However, according to the FPO, NPF will select “at least three” external asset managers to invest the funds. Li expects local asset managers to have an advantage.
“It is common in other pension systems to start with asset managers who are registered or licensed on the ground," she noted.
It is unclear whether foreign asset managers would be able to win mandates independently, given they are restricted to selling products through joint ventures with local asset managers.
Nada Pajchimpihong, senior consultant within the retirement team at Willis Towers Watson, believes the MoF will use factors such as assets under management, asset class expertise, investment process and fees to pick the initial fund managers.
“Investment capabilities or historical fund performance would also be main criteria, just like other big mandate funds," he told AsianInvestor. "Those who offer unique products, such as target date funds, would be at an advantage, since the draft NPF act states these would be the default investment plans.”
Thailand has seen a consolidation of asset managers of late, suggesting they have been eyeing their candidacies for mandates from the pension fund. The consolidations would raise their total assets under management, which is likely to be one of the key criteria. An example is Eastspring Thailand's acquisition of Thanachart Fund Management in 2019, shortly after its acquisition of TMB Asset Management in 2018.
Eastspring declined to comment on whether the consolidation was motivated by the planned launch of the NPF.
THAILAND'S NEW PENSION SCHEME
The new pension scheme, known as the National Pension Fund (NPF), will cover formal sector workers aged 16 to 50 who are not currently enrolled in provident funds.
Both employees and employers will be required to make matching contributions, which will progressively increase from 3% of the employee's annual salary in the first three years to 10% by end of the tenth year. Upon retirement at the age of 60, members will be able to withdraw their savings as a lump sum or instead accept a 20-year annuity.
Initially, enrollment in NPF will be compulsory for employers with 100 or more staff. This will progressively be lowered to include all firms.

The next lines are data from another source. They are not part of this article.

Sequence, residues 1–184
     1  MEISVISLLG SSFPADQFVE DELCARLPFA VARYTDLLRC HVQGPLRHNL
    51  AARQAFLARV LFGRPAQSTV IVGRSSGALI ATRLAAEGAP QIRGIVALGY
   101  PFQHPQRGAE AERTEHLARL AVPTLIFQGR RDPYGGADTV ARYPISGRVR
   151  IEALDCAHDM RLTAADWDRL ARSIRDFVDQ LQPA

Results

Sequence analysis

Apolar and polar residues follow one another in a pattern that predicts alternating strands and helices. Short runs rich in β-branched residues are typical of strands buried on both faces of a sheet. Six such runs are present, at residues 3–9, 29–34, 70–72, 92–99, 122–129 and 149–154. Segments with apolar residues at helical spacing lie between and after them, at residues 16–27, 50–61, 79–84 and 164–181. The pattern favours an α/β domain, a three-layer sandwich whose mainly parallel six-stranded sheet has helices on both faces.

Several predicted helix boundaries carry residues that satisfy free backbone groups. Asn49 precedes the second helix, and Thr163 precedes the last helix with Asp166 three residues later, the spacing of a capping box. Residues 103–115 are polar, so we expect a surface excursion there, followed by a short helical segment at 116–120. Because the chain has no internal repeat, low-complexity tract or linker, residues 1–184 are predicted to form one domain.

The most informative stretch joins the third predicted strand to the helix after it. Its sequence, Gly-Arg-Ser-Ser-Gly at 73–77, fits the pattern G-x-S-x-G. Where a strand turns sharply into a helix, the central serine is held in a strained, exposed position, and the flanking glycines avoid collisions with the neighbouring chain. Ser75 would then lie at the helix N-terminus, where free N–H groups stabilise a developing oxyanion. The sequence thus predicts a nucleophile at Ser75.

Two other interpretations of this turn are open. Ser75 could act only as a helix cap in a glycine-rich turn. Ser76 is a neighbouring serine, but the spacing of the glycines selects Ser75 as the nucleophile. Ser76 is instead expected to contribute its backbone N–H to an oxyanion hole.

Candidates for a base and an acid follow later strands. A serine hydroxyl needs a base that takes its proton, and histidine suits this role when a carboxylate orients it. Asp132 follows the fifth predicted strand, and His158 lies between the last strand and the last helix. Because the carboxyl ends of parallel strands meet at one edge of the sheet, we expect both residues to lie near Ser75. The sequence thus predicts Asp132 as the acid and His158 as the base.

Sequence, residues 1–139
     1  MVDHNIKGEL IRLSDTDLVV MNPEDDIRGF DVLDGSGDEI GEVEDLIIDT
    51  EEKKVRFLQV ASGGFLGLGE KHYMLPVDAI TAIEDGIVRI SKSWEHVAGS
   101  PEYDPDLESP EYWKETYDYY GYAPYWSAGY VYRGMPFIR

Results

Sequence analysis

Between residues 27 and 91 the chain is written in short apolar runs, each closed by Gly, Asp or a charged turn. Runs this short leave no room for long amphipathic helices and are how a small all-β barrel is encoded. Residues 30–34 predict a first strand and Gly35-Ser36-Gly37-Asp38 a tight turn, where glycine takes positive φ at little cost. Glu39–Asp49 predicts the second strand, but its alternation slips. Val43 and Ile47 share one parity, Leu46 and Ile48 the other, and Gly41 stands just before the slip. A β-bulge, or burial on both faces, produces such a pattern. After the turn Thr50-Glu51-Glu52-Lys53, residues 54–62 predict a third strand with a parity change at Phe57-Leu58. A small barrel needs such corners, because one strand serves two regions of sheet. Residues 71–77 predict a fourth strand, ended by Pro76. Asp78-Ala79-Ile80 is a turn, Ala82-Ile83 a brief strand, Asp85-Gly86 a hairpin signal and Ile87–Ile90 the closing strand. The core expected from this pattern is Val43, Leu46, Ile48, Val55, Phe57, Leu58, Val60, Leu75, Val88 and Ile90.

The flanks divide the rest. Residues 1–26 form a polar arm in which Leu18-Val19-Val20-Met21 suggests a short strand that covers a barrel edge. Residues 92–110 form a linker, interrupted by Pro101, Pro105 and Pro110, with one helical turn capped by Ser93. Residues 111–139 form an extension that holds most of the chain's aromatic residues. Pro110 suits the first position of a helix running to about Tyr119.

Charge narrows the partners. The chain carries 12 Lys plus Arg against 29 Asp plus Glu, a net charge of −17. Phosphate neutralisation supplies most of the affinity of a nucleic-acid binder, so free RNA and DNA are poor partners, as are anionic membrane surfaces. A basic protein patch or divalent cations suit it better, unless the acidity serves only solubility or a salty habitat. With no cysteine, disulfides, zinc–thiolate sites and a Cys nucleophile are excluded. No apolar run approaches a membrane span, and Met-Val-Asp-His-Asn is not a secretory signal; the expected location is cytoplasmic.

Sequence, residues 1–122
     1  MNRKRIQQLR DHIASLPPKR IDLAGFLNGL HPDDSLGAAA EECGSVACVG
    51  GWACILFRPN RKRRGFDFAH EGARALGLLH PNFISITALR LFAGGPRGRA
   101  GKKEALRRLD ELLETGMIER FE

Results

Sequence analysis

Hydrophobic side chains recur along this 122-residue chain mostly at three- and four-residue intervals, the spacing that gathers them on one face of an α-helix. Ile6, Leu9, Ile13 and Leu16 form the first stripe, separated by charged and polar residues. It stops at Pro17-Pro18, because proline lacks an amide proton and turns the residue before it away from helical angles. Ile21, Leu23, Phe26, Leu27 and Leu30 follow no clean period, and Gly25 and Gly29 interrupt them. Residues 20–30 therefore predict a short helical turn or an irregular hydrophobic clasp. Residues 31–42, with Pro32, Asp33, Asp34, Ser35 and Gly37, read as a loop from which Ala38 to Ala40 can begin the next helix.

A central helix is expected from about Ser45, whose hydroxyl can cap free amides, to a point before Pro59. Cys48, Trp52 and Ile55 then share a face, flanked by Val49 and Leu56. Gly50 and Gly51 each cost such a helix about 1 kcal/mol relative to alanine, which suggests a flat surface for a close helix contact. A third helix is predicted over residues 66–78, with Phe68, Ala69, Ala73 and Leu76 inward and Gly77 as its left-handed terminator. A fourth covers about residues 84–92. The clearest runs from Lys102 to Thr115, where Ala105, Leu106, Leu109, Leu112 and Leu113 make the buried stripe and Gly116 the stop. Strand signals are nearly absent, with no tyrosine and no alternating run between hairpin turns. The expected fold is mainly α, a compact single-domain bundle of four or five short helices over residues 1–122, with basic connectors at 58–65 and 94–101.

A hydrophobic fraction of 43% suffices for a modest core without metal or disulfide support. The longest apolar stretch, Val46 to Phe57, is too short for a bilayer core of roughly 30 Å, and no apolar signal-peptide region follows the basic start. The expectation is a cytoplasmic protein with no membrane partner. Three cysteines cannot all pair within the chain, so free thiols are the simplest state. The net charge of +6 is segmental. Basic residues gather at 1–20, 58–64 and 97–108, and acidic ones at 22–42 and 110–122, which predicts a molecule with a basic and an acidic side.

Only 3 million workers out of Thailand's 14 million workforce – about 21% – are currently enrolled in a voluntary provident fund, said Roongkiat Ratanabanchuen, a lecturer of pension funds and capital markets at Chulalongkorn Business School. Provident funds are restricted in terms of their investment into alternatives and therefore largely invest in low-risk domestic debt instruments, which mean a low annual rate of return.
In addition to its low rate of coverage, a major drawback of the voluntary provident fund system is that there is a lack of portability. When employees switching firms, they are handed their savings as a lump sum with no requirement to reinvest them, said a former Securities and Exchange Commission of Thailand executive. The centralised database proposed by the new bill is, for him, the highlight of the reforms.
“This is a really good initiative to improve the infrastructure of the Thai pension system,” he told AsianInvestor.
The problem of pensions does not exist for public sector workers, who are covered by the General Pension Fund – a mandatory, defined contribution system. As of July-end, 2020 GPF had Bt1 trillion ($31.97 billion) under management.
GPF is the most advanced state-linked pension fund, with the government having progressively eased restrictions around what it can invest into. Most recently, in October 2020, its foreign investment limit was raised from 30% to 40%. As of September 2020, foreign assets represented 28.5% of GPF's portfolio, while higher-risk assets (such as Reits, private equity and commodities) constituted 40%.
Informal sector workers can also save for retirement via the national savings fund launched in 2015. However, due to its voluntary nature, its rate of coverage is also low.